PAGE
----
Arguing is usually thought about as being an exchange between people who disagree about something and have moved, emotionally, past the point of ‘discussion’ about their differences to trying, with often heated energy, to persuade the other person of the error(s) in their reasoning and conclusions.
Some people enjoy the intellectual stimulation they derive from arguing. Others are drawn to the behavior because they, somehow, obtain pleasure from being oppositional. Still others, eschew arguing at almost any cost.
If you find yourself on the ‘I really don’t want to be doing this’ end of a verbal altercation or argument with someone, there are some time-proven methods that stand a very good chance of ending the uncomfortable interaction.
Stopping an Argument:
Remain silent and just look at the other person. If they don’t know what you are thinking and you don’t tell them, it becomes impossible to sustain an argument. It does, as they say,’take two to tangle.’
Don’t take the bait. People who like to argue are expert at ‘hooking’ others into them by throwing out some ‘Bit’ that is difficult for the other person to resist nibbling on. As any fish (if fish could speak) would tell you, nibbling is a very dangerous activity!
Make a brief comment or observation, not on the specific content of the argument, like:
“I don’t think anyone is going to get their mind changed by arguing this, so I am going to stop,” or
“Let’s just agree to disagree,”
“I have to go now. See you!”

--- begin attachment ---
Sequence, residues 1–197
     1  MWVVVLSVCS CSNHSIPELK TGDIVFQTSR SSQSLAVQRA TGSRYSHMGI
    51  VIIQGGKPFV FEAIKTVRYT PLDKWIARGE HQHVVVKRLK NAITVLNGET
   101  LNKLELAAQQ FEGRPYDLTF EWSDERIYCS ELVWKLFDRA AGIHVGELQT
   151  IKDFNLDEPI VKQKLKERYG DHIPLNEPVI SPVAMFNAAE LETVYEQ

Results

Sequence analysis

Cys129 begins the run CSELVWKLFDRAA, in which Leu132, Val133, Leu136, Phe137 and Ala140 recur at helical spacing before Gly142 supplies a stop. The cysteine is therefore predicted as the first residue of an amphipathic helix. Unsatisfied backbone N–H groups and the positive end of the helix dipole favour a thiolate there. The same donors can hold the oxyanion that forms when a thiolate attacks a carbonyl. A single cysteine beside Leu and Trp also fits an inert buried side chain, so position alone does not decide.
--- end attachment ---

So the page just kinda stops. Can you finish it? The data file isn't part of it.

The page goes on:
Any of the aforementioned is best followed by turning and walking away before the other person has the chance to rebait the hook and again dangle it, temptingly, in front of your mind.
Arguments die a quick death when one of the participants removes themselves from the situation.
What Does NOT Work:
Wishing that an argument would stop …. Or “Hopin’, Thinkin’ or Prayin’…is not likely to work. If the other person is invested in continuing to argue with you, your desires to the contrary are not apt to have the desired effect
Trying to ‘win’ the argument by out-reasoning the other person. Fact is, people rarely if ever get their minds changed through arguing. An argument is, after all, a kind of verbal fisticuffs. The core dynamic structure of argument is formed around the idea and expectation that someone will ‘win’ and someone will ‘lose.’ Arguments rarely, if ever. Lead to agreed upon ‘ties.
Expecting the exchange to remain rational, reasonable and considerate. That possibility went out the door as soon as the exchange shifted from discussion (an exchange of ideas) to argument (an exchange of emotionally charged differences of opinion.).
Arguing is a form of fighting. As such, it can not be expected to be either reasonable, respectful or particularly rational. There is probably nothing wrong with a person who tries to avoid them – So long as they are not inhibited from expressing their views with those willing to engage in civilized conversation.